By anointing him, she may be prophetically recognizing Jesus as God’s chosen King (and Messiah), just as Peter had a moment of brilliance and faith and proclaimed Jesus as the Messiah in Matthew 16:13-20.
By anointing him, as a person without a title or position, she may be signifying that she accepts Jesus as her Lord and King.
By anointing him, she may be consecrating Jesus, or setting him part as holy.
By anointing Jesus in front of the others at Simon’s house, she may be acknowledging Jesus as God’s king and as Messiah—before other people. Matthew 10:32 states that Jesus said, “Whoever acknowledges me before others, I will also acknowledge before my Father in heaven.”
So, could it be that this woman, who while anointing Christ, before his death, for his burial, may have been proclaiming both her faith in Jesus as her savior, Lord, and King and as the expected Messiah, who has come? Jesus, the promised eternal king of the Davidic Line?
Would this act of anointing, then, be the first public proclamation of the Gospel made by someone other than John the Baptist and Jesus himself?
It’s something to think about.
Another aspect of this woman’s anointing act, speaks of reciprocity in a covenantal relationship.
For God so loved the world that God gave God’s only begotten son, that who-so-ever believes in him shall not perish but have ever-lasting life.
There is an element of reciprocity in this gospel proclamation. I’m not saying that we, you and I, as human beings, can do anything to affect our salvation. No, I’m talking about the reciprocity in our relationships with God. The gospel message proclaims salvation for those who believe, but, the gospel message also proclaims a message of reconciliation between two parties; a covenant, where Jesus dies for us so that we can be reconciled to God.
God gives God’s son, because of God’s love.
God gives us eternal life, because of God’s love.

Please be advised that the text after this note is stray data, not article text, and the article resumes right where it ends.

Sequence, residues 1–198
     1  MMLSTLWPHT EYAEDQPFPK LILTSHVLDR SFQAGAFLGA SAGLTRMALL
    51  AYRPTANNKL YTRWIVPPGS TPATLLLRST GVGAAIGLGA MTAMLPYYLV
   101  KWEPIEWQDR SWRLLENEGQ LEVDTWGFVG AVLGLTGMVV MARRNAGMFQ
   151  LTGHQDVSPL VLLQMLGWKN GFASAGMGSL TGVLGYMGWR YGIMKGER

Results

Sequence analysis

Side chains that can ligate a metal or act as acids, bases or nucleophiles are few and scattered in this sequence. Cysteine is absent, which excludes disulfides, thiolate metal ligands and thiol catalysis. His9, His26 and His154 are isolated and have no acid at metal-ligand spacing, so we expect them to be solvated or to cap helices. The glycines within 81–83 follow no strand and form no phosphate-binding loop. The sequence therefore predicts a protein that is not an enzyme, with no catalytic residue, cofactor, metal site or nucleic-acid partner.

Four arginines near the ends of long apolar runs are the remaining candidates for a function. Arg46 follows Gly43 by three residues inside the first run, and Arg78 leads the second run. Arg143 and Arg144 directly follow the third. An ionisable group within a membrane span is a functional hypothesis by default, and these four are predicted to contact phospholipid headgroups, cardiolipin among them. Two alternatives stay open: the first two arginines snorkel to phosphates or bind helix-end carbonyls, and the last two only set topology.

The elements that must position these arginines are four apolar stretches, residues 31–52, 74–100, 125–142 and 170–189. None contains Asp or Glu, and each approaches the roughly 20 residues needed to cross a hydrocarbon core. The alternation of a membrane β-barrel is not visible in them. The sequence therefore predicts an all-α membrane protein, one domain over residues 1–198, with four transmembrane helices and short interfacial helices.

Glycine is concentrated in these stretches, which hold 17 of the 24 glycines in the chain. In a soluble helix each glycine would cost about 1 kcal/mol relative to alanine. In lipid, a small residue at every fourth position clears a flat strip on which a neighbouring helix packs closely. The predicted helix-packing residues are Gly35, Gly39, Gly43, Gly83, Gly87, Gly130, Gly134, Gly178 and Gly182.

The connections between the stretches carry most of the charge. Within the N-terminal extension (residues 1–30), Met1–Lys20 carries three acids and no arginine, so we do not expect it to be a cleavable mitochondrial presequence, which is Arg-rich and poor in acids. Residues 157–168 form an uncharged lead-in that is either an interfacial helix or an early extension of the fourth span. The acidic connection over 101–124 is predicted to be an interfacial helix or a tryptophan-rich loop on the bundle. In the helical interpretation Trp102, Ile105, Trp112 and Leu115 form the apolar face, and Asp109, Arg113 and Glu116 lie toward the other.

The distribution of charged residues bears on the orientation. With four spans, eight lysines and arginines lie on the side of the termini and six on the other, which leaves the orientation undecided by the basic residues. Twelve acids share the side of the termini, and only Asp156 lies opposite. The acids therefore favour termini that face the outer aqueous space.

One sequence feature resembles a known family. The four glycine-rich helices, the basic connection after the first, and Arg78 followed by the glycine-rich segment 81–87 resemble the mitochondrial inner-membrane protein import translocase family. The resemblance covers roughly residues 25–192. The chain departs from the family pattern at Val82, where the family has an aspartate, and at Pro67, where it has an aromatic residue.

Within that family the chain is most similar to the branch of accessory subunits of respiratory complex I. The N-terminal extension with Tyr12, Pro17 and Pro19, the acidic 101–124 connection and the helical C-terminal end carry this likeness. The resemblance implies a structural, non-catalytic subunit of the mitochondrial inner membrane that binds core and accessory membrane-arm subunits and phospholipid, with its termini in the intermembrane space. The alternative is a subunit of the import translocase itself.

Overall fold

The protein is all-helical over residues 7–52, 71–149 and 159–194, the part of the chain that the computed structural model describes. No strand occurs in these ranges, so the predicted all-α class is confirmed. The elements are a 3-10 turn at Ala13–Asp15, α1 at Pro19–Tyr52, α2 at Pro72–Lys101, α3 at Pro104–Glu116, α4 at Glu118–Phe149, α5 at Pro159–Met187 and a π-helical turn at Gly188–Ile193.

And we, responding to God’s love, give God our trust-through-belief.
And we, responding to God’s love, should respond by giving love back to God. As freely as God gives love to us, we should give love back to God.
Can it be that the woman’s extravagant pouring out of all of her expensive ointment was her response to God’s love, while acknowledging Jesus’ own extravagant gift of his life-giving blood, soon to be poured out as a ransom for us, an event that the woman seems to understand was soon to come?
Jesus stopped the woman’s critics, who scolded her for her extravagance. They uttered a very practical truth, that the value of the ointment might have been put to a more practical use, like providing for the poor.
Jesus did not say that the critics were wrong. No. But, Jesus responded to the woman’s devotion, her show of kindness, her good service, which she provided. Jesus responded to the fact that the woman, “did what she could.”
Jesus, once again shows us, what is the better way.
Jesus, once again shows us, how to think more clearly about what he desires, what God desires.
Jesus poured out his love on the cross for us, which many considered an extravagant waste of life; but for Jesus, his crucifixion was an extravagant demonstration of God’s love for us.
Our response should be to do the same. Just as the woman who extravagantly poured-out her expensive perfume, worth more than a year’s wages. We also, should show love to Jesus, extravagantly.
That day, some who watched, judge the woman’s act as an impractical and extravagant waste.
Jesus judged the act, as being on the same level as the Gospel; in fact, it completed the gospel’s message of reconciliation, and demonstrated the reciprocity in relationship that God wants with all of us. Freely, we have been given love; and freely, we should give love.
Do we worship God and love God in the way that the woman at Bethany did?
Do we show God’s extravagant love in all that we do?
Do we do all that we can, both in worship and in service, not out of obligation or fear, but out of a tender, heartfelt response to God’s extravagant love?
And do we love one another with everything we’ve got, or do we calculate, like I did with my daughter—how many hours it would take to “give love” the way she wanted or needed it?
Do we offer to our loved ones and do we offer to God, the equivalent of a quick fix on Face Time?
When it comes to worshiping God and spending time with God, and our loved ones, the quick fix over Face Time, misses the point.
Will you pray with me?
God, help us to love you extravagantly, to give you our all, to give you what we can—without calculating the cost to us. And help us to love others in the same way. Amen.